It hurts… so, so much.
You feel as though your heart is breaking and getting through the day is torture.
The relationship you had, was so long… yet the future doesn’t have an ‘us’ in it because a long term relationship has ended.
It’s almost like losing a loved one even though that person is still alive, yet it hurts all the same… maybe even more.
You feel like punching those who tell you to move on or to just ‘get over it’ because they have no idea how agonizing it is losing someone who is very much a part of your daily reality.
And it affects your environment too because every place you go to seem to remind you of the love you shared.
You even start to wonder if you would ever recover from all this.
Thankfully, there are ways to recover after breaking up from a long term relationship.
It’s not going to be easy but it is possible once you are aware.
The 5 Stages Of Grief
Everyone goes through the 5 stages of grief whether they have lost parent to cancer, their dog died, they no longer have something dear to them or any breakup situation.
It is a normal human response to coping with the loss and it can be really therapeutic to know which stage you are at to help you cope better.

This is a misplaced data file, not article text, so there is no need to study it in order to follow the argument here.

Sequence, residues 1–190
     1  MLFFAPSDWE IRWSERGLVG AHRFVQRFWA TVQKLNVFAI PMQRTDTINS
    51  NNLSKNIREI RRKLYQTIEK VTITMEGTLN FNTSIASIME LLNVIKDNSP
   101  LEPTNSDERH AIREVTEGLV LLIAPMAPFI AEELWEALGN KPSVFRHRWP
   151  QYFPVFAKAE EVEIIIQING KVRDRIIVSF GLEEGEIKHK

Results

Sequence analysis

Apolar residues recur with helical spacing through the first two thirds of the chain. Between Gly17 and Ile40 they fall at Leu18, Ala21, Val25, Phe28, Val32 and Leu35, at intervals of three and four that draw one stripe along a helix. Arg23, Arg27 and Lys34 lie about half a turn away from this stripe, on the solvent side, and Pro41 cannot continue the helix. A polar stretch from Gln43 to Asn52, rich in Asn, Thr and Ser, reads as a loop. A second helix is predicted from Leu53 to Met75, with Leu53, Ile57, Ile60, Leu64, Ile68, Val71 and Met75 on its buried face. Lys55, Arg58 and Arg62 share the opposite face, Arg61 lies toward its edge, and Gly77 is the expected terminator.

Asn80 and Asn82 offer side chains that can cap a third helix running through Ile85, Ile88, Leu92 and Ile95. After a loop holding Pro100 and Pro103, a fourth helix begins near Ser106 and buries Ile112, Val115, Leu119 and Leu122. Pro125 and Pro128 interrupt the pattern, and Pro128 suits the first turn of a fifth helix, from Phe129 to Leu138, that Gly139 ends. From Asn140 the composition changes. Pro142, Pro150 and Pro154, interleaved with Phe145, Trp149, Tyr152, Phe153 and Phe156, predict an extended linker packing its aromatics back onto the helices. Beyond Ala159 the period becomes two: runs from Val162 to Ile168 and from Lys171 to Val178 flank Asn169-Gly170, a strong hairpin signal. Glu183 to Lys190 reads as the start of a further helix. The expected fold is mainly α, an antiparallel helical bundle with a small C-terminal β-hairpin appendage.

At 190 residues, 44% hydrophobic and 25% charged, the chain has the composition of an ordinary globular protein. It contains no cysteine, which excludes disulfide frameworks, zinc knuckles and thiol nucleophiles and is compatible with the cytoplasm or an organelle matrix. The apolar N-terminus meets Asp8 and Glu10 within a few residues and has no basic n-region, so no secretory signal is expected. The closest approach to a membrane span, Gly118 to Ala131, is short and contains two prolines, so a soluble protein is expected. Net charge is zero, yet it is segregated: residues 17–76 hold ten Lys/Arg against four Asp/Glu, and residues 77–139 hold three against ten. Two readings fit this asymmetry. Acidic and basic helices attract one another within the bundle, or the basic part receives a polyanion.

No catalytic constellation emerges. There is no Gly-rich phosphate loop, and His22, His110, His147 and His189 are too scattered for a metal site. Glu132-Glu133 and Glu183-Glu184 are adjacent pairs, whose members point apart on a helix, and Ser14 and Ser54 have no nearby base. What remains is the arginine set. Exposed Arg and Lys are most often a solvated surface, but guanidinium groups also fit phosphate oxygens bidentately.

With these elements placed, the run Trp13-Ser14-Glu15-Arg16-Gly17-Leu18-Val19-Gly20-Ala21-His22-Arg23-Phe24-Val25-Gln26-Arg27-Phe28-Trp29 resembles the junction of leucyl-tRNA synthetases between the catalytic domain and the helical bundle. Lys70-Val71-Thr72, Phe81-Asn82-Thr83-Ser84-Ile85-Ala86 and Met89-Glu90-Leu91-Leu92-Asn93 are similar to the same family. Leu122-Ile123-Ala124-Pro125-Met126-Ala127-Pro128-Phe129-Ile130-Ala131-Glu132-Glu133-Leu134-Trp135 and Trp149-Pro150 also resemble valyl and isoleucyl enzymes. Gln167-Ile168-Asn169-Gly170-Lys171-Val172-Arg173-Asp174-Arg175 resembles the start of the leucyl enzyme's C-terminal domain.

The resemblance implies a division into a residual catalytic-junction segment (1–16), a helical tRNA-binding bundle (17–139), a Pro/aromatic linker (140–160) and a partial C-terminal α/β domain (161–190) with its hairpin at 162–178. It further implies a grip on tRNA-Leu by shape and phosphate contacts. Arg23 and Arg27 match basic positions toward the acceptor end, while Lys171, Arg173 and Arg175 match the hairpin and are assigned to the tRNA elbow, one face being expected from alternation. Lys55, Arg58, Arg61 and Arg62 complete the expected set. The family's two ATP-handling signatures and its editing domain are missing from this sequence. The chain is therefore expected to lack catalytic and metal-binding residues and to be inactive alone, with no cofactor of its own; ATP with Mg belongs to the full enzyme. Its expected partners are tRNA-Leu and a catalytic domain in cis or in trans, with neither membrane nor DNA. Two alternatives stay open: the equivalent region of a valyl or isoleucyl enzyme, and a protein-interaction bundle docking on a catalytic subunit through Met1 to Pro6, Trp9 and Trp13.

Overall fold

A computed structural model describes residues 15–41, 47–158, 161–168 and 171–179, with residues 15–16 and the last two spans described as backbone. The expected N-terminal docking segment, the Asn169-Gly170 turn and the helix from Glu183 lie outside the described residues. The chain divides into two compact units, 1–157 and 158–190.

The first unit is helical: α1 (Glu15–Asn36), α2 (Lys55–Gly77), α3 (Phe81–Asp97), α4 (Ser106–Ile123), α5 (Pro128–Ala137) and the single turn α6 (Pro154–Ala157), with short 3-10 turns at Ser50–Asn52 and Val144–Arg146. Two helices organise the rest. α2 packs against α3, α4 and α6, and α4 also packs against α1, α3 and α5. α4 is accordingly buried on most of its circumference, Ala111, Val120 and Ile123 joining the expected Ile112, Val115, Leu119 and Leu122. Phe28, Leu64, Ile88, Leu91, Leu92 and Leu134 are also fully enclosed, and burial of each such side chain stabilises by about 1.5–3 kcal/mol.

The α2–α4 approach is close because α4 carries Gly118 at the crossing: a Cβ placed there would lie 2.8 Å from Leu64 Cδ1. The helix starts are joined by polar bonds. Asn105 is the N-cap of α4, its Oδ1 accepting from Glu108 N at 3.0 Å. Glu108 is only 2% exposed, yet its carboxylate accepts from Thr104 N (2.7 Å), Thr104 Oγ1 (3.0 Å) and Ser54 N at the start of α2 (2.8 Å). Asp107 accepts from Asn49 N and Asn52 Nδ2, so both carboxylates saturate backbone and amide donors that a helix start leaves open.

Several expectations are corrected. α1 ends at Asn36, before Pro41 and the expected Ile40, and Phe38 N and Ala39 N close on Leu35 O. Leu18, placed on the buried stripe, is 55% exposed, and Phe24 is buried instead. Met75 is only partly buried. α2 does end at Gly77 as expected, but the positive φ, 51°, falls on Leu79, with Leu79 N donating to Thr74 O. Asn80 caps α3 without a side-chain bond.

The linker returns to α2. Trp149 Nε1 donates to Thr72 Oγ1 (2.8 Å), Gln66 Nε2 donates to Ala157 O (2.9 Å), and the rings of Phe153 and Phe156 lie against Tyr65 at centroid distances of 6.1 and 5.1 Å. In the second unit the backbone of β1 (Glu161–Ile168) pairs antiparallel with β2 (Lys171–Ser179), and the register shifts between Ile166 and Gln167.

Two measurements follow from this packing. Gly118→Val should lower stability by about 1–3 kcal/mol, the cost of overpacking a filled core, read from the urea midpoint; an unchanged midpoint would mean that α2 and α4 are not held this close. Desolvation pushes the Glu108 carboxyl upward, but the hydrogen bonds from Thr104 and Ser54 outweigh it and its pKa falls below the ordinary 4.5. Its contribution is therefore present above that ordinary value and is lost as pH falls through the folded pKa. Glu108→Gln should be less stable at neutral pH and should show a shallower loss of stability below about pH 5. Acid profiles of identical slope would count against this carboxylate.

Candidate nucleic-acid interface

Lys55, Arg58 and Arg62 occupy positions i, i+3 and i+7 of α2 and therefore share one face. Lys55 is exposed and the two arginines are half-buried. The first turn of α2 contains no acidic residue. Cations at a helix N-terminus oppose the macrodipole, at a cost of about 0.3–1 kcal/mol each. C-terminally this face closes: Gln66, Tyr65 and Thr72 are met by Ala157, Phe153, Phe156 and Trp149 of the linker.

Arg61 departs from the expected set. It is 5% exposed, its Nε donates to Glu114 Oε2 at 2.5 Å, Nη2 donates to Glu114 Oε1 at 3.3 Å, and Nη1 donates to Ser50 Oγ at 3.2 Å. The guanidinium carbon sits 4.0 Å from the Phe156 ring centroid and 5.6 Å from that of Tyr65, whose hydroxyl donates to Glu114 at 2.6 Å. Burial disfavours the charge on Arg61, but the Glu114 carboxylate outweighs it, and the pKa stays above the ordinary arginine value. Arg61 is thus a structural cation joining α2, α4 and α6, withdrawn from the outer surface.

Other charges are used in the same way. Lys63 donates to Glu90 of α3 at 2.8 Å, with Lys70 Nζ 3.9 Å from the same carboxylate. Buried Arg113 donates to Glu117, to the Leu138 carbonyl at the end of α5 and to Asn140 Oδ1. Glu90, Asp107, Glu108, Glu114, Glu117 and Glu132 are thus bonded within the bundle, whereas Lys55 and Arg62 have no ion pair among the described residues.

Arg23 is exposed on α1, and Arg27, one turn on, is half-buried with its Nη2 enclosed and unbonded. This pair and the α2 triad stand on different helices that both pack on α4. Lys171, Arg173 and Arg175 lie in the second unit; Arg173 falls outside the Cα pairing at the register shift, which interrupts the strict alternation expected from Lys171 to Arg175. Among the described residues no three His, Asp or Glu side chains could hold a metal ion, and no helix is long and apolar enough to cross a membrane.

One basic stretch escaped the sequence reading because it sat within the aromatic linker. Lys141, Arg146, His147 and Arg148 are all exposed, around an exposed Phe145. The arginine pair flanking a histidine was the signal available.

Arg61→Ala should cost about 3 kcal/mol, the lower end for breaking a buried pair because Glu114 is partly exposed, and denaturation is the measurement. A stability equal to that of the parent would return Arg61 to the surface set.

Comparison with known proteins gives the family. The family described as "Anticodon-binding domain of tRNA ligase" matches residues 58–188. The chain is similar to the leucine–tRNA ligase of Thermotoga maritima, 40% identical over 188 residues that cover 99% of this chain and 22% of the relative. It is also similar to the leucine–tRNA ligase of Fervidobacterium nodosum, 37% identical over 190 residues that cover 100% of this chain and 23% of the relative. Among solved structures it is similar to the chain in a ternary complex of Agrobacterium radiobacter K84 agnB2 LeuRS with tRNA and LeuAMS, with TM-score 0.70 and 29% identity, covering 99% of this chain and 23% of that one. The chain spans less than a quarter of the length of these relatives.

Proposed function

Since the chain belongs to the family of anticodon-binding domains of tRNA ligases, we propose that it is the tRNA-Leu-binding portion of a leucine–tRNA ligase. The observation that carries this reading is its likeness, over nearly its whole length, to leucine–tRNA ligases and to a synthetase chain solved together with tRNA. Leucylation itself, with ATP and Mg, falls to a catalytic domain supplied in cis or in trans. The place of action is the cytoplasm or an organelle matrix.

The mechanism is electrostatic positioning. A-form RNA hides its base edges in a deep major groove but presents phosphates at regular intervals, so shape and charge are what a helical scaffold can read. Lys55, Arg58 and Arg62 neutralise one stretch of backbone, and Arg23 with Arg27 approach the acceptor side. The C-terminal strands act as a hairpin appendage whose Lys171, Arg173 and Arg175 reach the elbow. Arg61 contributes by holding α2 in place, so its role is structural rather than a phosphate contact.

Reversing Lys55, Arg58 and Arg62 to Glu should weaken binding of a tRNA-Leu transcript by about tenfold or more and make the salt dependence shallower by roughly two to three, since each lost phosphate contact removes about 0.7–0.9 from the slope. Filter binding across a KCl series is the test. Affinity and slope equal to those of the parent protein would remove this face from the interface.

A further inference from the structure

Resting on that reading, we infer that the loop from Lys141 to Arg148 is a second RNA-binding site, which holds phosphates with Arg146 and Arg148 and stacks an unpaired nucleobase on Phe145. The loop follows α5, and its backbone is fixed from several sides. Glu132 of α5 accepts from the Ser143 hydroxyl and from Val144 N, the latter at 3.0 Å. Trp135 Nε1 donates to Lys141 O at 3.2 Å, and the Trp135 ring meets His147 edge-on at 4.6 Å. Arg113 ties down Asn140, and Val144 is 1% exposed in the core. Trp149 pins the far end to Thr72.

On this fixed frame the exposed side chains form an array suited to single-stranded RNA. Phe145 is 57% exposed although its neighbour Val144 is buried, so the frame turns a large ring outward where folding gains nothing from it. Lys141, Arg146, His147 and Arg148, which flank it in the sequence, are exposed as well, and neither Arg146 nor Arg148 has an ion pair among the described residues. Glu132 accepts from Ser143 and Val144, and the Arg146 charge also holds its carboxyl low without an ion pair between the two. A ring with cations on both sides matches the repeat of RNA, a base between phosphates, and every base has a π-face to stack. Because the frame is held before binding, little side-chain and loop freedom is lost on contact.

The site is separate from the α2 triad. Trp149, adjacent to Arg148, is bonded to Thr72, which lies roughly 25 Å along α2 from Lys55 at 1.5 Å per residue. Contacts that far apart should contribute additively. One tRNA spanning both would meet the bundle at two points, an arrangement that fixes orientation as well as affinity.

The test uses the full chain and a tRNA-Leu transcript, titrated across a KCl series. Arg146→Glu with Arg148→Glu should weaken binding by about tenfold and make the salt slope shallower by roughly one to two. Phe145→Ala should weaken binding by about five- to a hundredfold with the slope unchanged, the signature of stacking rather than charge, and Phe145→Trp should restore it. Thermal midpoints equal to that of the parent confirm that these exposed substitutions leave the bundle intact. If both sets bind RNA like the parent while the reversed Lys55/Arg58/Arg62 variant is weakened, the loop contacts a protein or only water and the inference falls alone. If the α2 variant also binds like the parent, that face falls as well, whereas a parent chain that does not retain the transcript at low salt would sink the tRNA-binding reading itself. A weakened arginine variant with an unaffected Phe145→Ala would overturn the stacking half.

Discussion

The 5 stages are denial, anger, depression, bargaining and acceptance.
When you have broken up from a long term relationship, you might spend a different amount of time in each stage depending on how the relationship ended.
What is important is to remember that as long as you’re living and breathing, there is hope. And as long as hope exist, life do get better.
And sometimes, you might skip a step or two or jump back because the nature of loss is inherently complex and brings up many issues, but you will eventually progress through all the stages.
Let’s take a closer look at each stage:
Stage 1 – Denial
You and your significant other were inseparable.
Suddenly that reality is gone, and the shock kicks in.
The numbness desensitizes the hurt feelings only barely enough for you to cope with the drastic change.
Going through a stage of denial can also distort your reality.
“He/she will come around… it’s not the end.”
“This can never happen to me. It can’t be real…”
“He/she still loves me. Give it time.”
Nature has a phenomenal way to help process the initial stage of grief.
But as you’re able to accept reality for the situation, you will unknowingly begin the healing process.
You will strengthen your mind and your heart as soon as the denial stage fades away and it will prepare you well for the next stage.
Stage 2 – Anger
“How can he/she do this to me?!”
“How could I let myself be taken advantage of just like that? Curse him/her!”
“There’s a special place in hell for that betrayal…”
“God hates me – that’s why I’m going through all of this!”
It is perfectly normal to go through the stage of anger.
Some people may try and deny the anger stage and suppress it.
Suppressing it only makes things worse.
But when you start letting your anger in, you are acknowledging the part of you that needs justice.
When you let it sink in, then the real healing begins and you can manage yourself better.
Take comfort to know that the greater your anger, the more you knew what love was.